Do you really think organic gardening soil is the same as regular garden soil? If so, unfortunately you are sadly mistaken and you have a rude awakening coming your way. That's kind of blunt isn't it? Did I get your attention? I really hope so. The information in this article will help you get a better understanding of the facts about organic gardening soil.
The first misconception most new organic gardeners have about their soil is that anything can grow in any type of soil. All you have to do is throw a few seeds in the ground and boom - you have a natural garden. You need to lose that preconceived notion if it applies to you.
You must take into consideration the overall climate conditions which will impact the soil. An example of these things would be rain, wind, temperatures and exposure to sunlight. Then the next thing to consider is the amount of rocks and density of the soil.
An example of bad density soil would be where the dirt is tightly compacted and allows for no circulation of air or moisture. To have good organic gardening soil it must be loose, with excellent air and moisture circulation. Not to worry though because one of the things you can do if your dirt is tightly compacted is introduce earthworms to the ground and allow them to do their thing.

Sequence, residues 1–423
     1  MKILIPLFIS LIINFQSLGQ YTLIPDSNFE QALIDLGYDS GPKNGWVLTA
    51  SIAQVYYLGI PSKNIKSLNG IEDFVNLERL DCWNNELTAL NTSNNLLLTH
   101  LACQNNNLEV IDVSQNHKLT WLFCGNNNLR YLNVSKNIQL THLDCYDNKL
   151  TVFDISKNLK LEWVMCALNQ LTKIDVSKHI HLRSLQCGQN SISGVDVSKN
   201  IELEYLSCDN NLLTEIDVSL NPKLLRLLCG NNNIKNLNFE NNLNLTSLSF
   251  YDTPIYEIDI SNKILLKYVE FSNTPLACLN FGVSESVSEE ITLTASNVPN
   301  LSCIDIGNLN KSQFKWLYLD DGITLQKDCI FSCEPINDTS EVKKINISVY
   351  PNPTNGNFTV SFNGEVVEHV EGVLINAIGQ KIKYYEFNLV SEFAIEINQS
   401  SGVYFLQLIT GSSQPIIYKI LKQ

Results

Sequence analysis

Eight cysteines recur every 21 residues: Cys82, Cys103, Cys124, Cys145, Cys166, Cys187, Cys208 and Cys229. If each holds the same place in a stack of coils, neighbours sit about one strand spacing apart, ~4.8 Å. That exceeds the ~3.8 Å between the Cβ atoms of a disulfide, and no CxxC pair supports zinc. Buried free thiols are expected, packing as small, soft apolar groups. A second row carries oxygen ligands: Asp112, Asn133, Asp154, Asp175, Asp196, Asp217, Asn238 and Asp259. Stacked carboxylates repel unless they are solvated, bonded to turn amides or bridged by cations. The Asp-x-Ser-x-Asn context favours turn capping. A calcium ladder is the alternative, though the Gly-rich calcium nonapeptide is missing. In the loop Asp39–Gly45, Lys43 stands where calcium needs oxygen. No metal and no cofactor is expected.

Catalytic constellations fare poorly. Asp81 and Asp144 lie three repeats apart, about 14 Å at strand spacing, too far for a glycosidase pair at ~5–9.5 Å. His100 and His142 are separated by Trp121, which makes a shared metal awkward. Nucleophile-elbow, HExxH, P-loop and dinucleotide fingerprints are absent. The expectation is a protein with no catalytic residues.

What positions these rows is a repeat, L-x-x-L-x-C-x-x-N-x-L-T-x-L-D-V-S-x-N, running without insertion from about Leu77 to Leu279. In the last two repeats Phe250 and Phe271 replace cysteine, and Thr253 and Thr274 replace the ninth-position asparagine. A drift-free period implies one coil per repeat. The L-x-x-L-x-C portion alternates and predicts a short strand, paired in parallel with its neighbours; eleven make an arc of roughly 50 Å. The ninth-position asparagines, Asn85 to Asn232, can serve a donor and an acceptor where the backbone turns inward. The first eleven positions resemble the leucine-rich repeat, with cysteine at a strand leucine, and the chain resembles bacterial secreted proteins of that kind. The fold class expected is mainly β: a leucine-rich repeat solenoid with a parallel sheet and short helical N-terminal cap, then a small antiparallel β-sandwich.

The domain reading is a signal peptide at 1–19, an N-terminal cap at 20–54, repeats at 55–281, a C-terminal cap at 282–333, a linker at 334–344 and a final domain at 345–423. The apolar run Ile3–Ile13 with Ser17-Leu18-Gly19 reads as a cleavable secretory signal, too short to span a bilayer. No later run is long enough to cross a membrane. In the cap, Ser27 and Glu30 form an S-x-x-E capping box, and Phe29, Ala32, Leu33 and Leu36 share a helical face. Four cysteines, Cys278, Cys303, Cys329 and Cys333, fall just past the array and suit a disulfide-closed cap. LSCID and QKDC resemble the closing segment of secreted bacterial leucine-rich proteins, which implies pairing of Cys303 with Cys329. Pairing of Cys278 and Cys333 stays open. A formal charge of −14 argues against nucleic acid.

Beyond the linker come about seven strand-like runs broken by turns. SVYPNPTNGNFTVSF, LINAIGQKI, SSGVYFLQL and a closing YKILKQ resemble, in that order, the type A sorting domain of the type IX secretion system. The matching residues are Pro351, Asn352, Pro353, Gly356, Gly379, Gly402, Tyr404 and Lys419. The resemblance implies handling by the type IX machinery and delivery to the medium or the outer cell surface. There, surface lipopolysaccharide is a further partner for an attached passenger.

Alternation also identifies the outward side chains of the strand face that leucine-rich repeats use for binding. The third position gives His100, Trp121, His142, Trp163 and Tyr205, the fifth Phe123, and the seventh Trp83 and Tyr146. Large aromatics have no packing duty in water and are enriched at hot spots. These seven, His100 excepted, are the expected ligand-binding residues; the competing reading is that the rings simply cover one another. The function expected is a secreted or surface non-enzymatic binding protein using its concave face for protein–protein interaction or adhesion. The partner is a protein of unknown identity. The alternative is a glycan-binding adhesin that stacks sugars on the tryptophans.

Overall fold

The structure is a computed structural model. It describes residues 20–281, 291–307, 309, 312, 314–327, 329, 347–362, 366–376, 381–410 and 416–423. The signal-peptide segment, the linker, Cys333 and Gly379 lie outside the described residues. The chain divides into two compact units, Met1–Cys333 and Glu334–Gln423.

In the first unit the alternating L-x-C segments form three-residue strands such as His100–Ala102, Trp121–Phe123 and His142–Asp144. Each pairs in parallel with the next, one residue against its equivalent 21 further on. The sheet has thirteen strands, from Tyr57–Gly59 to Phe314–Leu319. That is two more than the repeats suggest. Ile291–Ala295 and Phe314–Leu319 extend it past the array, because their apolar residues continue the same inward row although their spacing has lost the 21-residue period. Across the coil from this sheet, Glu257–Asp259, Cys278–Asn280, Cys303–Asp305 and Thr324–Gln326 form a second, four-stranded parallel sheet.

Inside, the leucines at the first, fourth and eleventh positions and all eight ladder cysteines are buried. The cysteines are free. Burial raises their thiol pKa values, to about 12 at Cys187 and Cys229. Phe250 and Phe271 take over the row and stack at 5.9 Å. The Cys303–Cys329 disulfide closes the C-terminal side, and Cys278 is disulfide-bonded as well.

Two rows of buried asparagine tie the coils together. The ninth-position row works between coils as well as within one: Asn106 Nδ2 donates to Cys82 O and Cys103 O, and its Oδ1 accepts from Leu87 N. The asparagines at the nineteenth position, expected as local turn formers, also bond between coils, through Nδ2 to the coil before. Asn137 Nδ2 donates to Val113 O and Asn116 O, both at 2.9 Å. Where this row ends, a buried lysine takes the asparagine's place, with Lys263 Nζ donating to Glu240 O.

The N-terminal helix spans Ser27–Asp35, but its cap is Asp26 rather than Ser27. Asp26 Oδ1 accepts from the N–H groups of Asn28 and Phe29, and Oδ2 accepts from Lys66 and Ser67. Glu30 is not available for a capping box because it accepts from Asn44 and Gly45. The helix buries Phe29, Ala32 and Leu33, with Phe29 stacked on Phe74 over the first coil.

Frankly though, earthworms take time to create their magic and have a tendency to get out of the designated planting area quickly. However, there is a simple solution to that problem and it will help improve your soil quickly.
You can go to your local nursery or hardware store and purchase organic soil by the bag full or even by the truck load. Many organic gardeners will put this soil on top of their compacted soil and then plow it into the regular soil. However, for this method to be effective you must have enough organic soil to be from a minimum depth of three inches up to six inches or more. The great thing about it is as you repeat this procedure through several growing seasons you will soon have brought the life back to your original soil.
Another tip for your soil is the proper levels of hydrogen, phosphates and acidity in the soil. This is often referred to as the ph factor in the soil. It's quiet easy today to go on the World Wide Web and order a testing kit for your soil. However, one of the best ways to determine if you have the right kind of soil for organic gardening is to take a sample of your soil to your county agriculture agent or to your local nursery. For a small fee, or no fee at all, they will tell you everything you need to know about your soil.
In addition to providing you the information about your dirt they can also advise you as to the best type of plants that will grow in your soil. Furthermore, they are a great source for additional tips on growing an organic garden successfully.
These tips are just a few of the things about your organic gardening soil which are important. To really get ahead of the game on your soil you should continue to further your education by reading anything you can find on the subject.